Community Research and Development Information Service - CORDIS

Periodic Report Summary 2 - ATECT (Advanced T-cell Engineered for Cancer Therapy)

Project Context and Objectives:
Introduction: Chimeric Antigen Receptors (CARs), generated by fusing the antigen-binding region of a monoclonal antibody (mAb) to intracellular T-cell signalling domains1, hold the promise to revolutionise cancer treatment. Introduction of genes coding for CARs into T-cells using integrating vectors endow antigen recognition independent of MHC restriction. Recent clinical data leave no doubt that this new form of cancer therapy can be remarkably effective, engendering long-lived remissions in patients with refractory disease.

There are, however, considerable barriers to be overcome to take this new form of thera-py. Some of these barriers are practical – for instance can we develop ways of making such products cheaper and easier. Other barriers relate to engraftment of engineered T-cells in the face of hostile microenvironment.

Technological background: The ATECT consortium proposes to address these limitations through advanced cellular engineering. The central technological theme of this consortium is the application of gene editing strategies alongside advanced standard methods of ge-netic modification with insertional vectors, which we describe as a combination of ad-vanced “positive” and “negative” engineering
Project Results:
Considerable progress has been made during the current reporting period.

• UCART19 CAR T-cells were given to two young children with acute leukaemia which was resistant to standard treatment on a compassionate basis. These two children had complete responses to treatment and were consolidated with allogeneic haematopoi-etic stem cell transplantation (allo-HSCT). They remain in remission over a year after treatment. This is important as it represents the first use of genome-edited CAR T-cells in human subjects. This finding was just published in Science Translational Medicine.

• Partner Cellectis obtained commercial support for further development of UCART19 from Servier. Cellectis have subsequently left the ATECT consortium, but a study of UCART19 has initiated at Great Ormond Street Hospital.

• We have developed an automated CAR T-cell manufacturing process on the Miltenyi Prodigy and will run a clinical trial of 2nd party CAR T-cells using this novel technology.

• We have generated antibodies to target tumour-associated-antigens for brain tu-mours, lung cancer and paediatric cancers such as Neuroblastoma and are developing optimised chimeric antigen receptors from these.

• We have generated chimeric antigen receptors which recognise neovascular markers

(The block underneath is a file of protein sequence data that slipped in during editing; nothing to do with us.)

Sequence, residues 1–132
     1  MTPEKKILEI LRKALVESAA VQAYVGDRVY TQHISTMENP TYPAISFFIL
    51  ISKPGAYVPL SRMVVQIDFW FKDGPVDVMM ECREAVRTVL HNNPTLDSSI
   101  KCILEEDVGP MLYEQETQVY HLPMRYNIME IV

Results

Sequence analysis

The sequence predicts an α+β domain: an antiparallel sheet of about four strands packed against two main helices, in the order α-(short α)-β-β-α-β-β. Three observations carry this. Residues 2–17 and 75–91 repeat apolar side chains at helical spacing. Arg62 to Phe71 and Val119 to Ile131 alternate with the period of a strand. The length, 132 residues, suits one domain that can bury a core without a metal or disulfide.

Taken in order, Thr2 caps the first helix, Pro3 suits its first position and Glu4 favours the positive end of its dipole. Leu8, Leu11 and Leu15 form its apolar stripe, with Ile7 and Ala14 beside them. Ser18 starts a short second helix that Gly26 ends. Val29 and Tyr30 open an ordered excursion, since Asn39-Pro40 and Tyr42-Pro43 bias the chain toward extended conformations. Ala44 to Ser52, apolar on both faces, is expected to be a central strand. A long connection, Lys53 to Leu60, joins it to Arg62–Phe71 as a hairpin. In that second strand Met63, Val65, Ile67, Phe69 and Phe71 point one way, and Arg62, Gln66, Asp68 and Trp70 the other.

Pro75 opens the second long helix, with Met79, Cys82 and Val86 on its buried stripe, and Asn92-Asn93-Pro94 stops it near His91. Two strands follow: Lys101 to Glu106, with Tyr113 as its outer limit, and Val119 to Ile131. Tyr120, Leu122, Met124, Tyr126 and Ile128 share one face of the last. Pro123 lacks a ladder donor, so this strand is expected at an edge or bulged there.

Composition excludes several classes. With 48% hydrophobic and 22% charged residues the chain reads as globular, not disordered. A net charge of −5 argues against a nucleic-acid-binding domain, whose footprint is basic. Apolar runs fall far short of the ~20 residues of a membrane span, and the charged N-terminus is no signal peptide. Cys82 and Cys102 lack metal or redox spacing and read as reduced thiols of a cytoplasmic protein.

• We have generated some of the first data demonstrating increased tumour infiltration by Chimeric Antigen Receptor T-cells engraftment using combination therapy with the immune-cytokine IL2-L19 developed by Philogen.

• We have demonstrated the beneficial effects of gene-editing of PD1 on adoptively transferred tumour-specific T-cells and have published this data in Cancer Research.

Potential Impact:
Clinical and research output from the ATECT consortium has the potential to develop new treatments to treat cancers which are currently very difficult to treat. Chimeric Antigen Receptor T-cells (CARTs) are showing considerable promise in the treatment of several lymphoid malignancies. Generation of CARTs is expensive and typically needs to be per-formed separately for each patient. The ATECT consortium proposes to address the chal-lenges of cost and complexity of CAR T-cell manufacture through the two clinical studies as outlined below.

The initial clinical data generated by ATECT in the context of the UCAR19 strategy/study which uses third party/healthy donor T-cell starting material paves the way for “off-the-shelf” CAR T-cell therapy. This has the potential to reduce the costs associated with CAR T-cell manufacture and to increase the availability of this novel therapy to patients.

Additionally, a second clinical study which has recently opened at UCLH will be one of the first to use an automated manufacturing platform to generate CAR T-cells. Although the products for this study will be manufactured individually for each patient, use of an auto-mated platform reduces costs and potentially increases availability of CAR T-cells to pa-tients.

CAR T-cell therapy has shown activity in lymphoid malignancies, however solid cancers are considered more challenging due to poorer T-cell engraftment and survival within the tu-mour bed. ATECT has demonstrated that combining an immunocytokine with CAR T-cells can result in increased engraftment within the tumour. Further, ATECT has demonstrated that genome editing of checkpoint blockade receptors in tumour-specific T-cells can en-hance their engraftment and survival within the tumour leading to increased activity. To-gether, these and related approaches should improve CAR T-cell efficacy in solid cancers.

List of Websites:

Reported by

United Kingdom


Life Sciences
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